Sunday, June 04, 2006

Net Neutrality and Skype

If you have had your head buried in the techy web sites of late you may have come across the latest "in" internet debate over network neutrality. Although in my opinion it would be better to refer to it as 'network preferancing'.

What is it? Well, everything that happens on the internet is sent in little packets of data. When you look at a web site the information is sent to your computer in a series of packets. In some ways you can think of the internet being like a huge train, each carriage having its own destination, and your computer being a branch line of the railway. When a carriage needs to go to your station (because it has your address on it) the points switch, and it is routed to you.

This is fine as long as there is room on the mail line for all of the carriages, the designers of the internet were aware that they had to come up with a scheme for scheduling traffic at peek times. Their solution was to penalize unimportant carriages thereby making room on the track for more important information.

This can get very technical, but at its most simplistic, an important carriage is one that a human is actively waiting for, an example would be a piece of webpage. An unimportant carriage would be one containing a piece of email. It does not matter if the email gets held up for a little while, the recipient is not (well not generally) sat in front of their computer waiting for the email.

I do not think that anyone would have any problems with this scheduling system. Indeed this is the system that has been in use for more than 20 years.

Let us add another complexity to our railway, let us say that the railway is not owned by one single company, but is broken up into many companies each owning a geographic area, California, Texas, Alberta, etc. Because of some government regulations each railway company must accept the rail cars coming from other areas, even if all they are doing is passing though on route to another area. In the telecommunications world this is known as being a 'Common Carrier'.

Well for the common good all of the railway companies they have an agreement to honor all carriages regardless of where the carriages come from or go to. And that is to their mutual benefit.

unfortunately the railway companies seem to be wanting to change the way they work. The really misnamed "network neutrality" is all about making the internet into a tiered system, and your data travels, first , bushiness or economy class depending on who you are and what you pay.

This goes against the very grain of what the Internet is. Basically the railway companies want to pick and choose what carriages they will carry and at what speed.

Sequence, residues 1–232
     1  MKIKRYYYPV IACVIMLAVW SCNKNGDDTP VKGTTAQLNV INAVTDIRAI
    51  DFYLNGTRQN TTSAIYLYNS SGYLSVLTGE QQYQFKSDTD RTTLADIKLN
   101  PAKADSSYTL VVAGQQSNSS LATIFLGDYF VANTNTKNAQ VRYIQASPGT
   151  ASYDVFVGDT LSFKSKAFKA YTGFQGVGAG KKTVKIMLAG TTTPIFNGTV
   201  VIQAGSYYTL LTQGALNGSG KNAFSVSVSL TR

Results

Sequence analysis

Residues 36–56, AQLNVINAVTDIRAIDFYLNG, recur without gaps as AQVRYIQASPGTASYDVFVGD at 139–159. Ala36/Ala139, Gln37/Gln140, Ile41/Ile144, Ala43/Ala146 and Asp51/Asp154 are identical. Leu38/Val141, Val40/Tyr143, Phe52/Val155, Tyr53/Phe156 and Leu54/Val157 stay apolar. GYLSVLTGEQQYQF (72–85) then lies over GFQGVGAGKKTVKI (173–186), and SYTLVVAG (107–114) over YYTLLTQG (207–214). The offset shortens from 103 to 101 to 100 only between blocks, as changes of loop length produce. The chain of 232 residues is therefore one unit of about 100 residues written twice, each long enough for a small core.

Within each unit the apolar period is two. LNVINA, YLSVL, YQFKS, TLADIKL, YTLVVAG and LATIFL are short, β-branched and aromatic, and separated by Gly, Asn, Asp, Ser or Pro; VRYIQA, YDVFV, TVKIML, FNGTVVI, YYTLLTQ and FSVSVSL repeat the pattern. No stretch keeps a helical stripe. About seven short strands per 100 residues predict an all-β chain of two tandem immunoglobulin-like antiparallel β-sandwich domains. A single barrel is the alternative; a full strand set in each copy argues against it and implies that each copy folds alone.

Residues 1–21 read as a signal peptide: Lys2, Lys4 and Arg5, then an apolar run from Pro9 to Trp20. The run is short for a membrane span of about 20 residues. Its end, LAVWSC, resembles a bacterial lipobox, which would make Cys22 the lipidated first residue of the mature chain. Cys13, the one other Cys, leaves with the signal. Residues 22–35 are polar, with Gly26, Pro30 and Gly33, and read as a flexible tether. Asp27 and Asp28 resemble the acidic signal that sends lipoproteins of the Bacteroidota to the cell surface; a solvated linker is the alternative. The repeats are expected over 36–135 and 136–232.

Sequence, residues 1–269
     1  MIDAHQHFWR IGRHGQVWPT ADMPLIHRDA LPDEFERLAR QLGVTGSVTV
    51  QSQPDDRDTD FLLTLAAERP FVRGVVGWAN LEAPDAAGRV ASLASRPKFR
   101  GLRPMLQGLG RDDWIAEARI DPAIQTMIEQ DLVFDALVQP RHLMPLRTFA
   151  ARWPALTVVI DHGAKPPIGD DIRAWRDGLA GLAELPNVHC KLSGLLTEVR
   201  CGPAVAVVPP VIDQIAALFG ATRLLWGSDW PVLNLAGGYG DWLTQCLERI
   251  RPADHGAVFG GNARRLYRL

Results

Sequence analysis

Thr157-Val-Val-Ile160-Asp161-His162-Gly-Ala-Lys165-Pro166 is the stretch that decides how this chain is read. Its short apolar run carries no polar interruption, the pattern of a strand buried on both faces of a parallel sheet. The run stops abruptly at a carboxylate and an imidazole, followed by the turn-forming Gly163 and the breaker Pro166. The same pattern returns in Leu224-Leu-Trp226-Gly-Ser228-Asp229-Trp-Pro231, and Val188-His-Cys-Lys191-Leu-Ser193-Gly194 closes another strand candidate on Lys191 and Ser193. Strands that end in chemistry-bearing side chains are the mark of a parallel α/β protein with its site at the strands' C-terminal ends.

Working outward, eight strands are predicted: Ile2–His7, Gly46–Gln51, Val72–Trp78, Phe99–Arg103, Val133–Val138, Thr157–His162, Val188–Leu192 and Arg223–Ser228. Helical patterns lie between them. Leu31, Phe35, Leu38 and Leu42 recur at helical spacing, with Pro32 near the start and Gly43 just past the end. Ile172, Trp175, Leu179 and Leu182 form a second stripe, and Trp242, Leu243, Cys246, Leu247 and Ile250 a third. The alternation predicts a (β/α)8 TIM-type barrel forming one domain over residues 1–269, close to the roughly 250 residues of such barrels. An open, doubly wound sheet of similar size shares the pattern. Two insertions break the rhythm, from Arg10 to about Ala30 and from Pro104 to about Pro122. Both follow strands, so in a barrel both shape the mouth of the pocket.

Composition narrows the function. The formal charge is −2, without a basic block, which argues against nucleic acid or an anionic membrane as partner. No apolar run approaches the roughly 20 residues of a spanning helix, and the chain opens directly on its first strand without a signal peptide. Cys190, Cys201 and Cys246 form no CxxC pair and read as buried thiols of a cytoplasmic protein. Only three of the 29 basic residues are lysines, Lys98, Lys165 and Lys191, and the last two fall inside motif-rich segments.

OK, lets convert all of this into the real world. The railway companies are really the Telco's, the baby bells, that we all know and love. They were the only people that had the infrastructure to carry internet data, and so are the de facto owners of the internet. Their mission in life is to maximize their profits, or as I like to say 'wring that last dollar out of that 20 year old copper wire coming into your house'.

The telco's are grumpy because they can see their profit base being eroded by the internet.

A good example is Skype, which thankfully is now part of the 800lb gorilla E-Bay. Skype is a technology that allows you to make phone calls over the internet. Better still it allows for free long distance anywhere in Canada and the US. From a consumers point of view, why would I want to pay Telus (my telco) 10 cents a minute when I can get it for free?

Telus obviously has a bit of an axe to grind with Skype, if everyone used Skype then Telus would lose all of long distance revenue, even worse, it is losing revenue and carrying the traffic on its internet infrastructure, a double whammy.

This is where 'Network neutrality' comes into play. I am not saying that Telus is doing this, but it would not take a great leap of faith to imaging the Telus railway from wanting to penalize any carriages that have the Skype name associated with them.

As a matter of fact I have noticed an increase in dropped calls on Skype, so my money is on the fact that they are already doing this.

My vote is, we keep the net nuetral!

Further reading:

This LA Free press article mentions both Telus and Shaw Cable
This web page goes into a lot of detail

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